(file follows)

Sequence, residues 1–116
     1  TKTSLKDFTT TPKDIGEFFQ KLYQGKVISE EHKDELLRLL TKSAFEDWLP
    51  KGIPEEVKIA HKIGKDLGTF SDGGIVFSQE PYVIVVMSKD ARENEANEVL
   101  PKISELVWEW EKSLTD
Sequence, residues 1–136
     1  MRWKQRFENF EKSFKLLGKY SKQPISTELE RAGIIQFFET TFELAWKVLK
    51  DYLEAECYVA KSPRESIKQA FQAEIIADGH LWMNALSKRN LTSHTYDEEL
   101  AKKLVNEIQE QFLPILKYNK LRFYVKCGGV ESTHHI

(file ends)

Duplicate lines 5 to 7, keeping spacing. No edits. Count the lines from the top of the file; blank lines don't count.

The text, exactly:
Sequence, residues 1–136
     1  MRWKQRFENF EKSFKLLGKY SKQPISTELE RAGIIQFFET TFELAWKVLK
    51  DYLEAECYVA KSPRESIKQA FQAEIIADGH LWMNALSKRN LTSHTYDEEL